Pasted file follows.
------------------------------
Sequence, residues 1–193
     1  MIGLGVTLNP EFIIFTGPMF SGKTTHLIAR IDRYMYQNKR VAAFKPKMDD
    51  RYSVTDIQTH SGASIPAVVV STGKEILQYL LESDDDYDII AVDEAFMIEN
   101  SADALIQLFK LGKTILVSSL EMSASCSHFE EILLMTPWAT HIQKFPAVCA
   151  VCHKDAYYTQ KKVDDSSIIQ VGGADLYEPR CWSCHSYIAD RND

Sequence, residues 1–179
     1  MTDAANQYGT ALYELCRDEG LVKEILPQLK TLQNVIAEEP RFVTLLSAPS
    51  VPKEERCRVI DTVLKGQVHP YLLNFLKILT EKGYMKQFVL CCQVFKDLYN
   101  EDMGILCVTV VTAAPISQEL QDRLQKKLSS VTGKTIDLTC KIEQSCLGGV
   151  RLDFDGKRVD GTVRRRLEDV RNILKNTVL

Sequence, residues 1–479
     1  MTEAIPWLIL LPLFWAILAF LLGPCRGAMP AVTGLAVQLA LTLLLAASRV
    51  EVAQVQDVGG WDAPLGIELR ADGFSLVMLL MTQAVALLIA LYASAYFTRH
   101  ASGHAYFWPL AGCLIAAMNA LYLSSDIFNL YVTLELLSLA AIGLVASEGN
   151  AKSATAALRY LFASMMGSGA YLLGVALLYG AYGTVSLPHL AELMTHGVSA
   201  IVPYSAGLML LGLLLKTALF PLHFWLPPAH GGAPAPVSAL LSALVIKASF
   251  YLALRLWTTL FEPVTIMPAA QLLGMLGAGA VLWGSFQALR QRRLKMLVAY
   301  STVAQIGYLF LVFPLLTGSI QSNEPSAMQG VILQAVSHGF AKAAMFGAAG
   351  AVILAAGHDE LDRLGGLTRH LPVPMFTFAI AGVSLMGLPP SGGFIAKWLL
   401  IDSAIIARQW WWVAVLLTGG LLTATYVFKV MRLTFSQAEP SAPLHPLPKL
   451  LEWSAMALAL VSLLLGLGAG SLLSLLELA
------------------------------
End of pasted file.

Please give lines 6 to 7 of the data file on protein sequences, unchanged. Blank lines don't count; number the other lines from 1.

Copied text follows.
Sequence, residues 1–179
     1  MTDAANQYGT ALYELCRDEG LVKEILPQLK TLQNVIAEEP RFVTLLSAPS